Hal Sadofsky, Associate Dean for Natural Sciences
Count me in. OSU President Ed Ray also had a good statement:
Faculty, staff and students,
Many members of our university community are experiencing a range of significant, heartfelt emotions following Tuesday’s election.
Several faculty, staff and students have shared with me that they fear for their future and the futures of family members and friends, especially people from diverse backgrounds and identities. Other members of our community are expressing joy about political change. Each of these emotions is personal and powerful.
As members of our university community, we must care for each other and support one another despite the turmoil of the moment. If you are in need of assistance or would like to talk to someone about what you are experiencing, and are a Corvallis student, please visit the Student Affairs Student Resources website at http://experience.oregonstate.edu/resources. OSU-Cascades students should visit http://osucascades.edu/student-wellness. Employees needing assistance may utilize the OSU Employee Assistance Program by confidentially calling 1-800-433-2320 at any time or by calling the Human Resources Department at 541-737-3103.
I ask you to join me in looking ahead.
At this moment of national transition, we reaffirm that Oregon State’s mission of inclusive excellence in teaching, research, and outreach and engagement has not changed. OSU’s mission to promote economic, social, cultural and environmental progress for the people of Oregon, the nation and the world remains essential, and we will not realize our vision for the future unless we find common ground with those around us and unless we persist in this effort.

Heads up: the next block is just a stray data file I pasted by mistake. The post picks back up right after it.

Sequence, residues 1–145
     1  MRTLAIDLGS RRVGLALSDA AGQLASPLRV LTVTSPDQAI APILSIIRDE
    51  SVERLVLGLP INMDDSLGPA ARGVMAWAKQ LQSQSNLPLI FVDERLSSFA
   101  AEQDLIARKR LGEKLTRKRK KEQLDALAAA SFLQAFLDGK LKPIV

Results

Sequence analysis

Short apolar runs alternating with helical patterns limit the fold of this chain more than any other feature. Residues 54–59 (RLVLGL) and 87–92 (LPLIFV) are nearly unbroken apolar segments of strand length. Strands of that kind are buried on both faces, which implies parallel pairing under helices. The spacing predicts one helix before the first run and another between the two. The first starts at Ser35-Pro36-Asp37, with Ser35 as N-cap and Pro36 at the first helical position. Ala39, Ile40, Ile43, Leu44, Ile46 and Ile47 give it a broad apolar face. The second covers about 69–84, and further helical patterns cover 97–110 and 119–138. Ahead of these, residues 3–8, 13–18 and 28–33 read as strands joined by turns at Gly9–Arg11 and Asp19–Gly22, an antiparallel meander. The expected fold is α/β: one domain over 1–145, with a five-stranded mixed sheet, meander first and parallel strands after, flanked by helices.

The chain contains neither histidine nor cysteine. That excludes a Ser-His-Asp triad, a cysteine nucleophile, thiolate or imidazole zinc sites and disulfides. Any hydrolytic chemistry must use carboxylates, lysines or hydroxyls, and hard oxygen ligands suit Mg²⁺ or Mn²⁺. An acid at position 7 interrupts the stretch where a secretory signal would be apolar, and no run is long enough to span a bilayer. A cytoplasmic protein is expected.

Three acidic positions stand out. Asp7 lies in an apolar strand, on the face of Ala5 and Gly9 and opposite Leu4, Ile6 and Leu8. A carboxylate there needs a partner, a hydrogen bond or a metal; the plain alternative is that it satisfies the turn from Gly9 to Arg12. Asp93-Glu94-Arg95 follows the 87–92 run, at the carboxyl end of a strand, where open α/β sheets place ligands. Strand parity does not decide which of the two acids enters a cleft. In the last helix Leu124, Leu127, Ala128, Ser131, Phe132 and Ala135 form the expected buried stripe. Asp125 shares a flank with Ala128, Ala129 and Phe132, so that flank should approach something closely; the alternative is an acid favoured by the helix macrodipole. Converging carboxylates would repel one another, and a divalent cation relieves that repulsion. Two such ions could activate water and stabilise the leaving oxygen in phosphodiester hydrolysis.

Since its founding, this country has overcome division and uncertainty by people coming together to address challenges, by respecting differences, and by demonstrating compassion and leadership.
This is the 56th presidential election in our nation’s history and every transition of leadership has occurred peacefully. The need for us to support each other, celebrate our diversity and promote the success of every member of our community and America remains unaltered. This is at the core of who we are and how we need to go forward.
On Wednesday, I saw impressive, moving and peaceful evidence of this America among us as dozens upon dozens of OSU students gathered in the Memorial Union quad throughout the day, and where approximately 400 students and community members marched through the evening on campus to call for an end to hate and to focus on our common humanity.
Let each of us help and serve one another. Let each of us help bring America together, while we count on and challenge all of our country’s leaders to do the same.
Going forward, I encourage you to stay engaged in our nation’s political process and lead your own lives in ways that reflect our common values as a community.
I am here to help, care and, with you, lead forward.
Edward J. Ray, President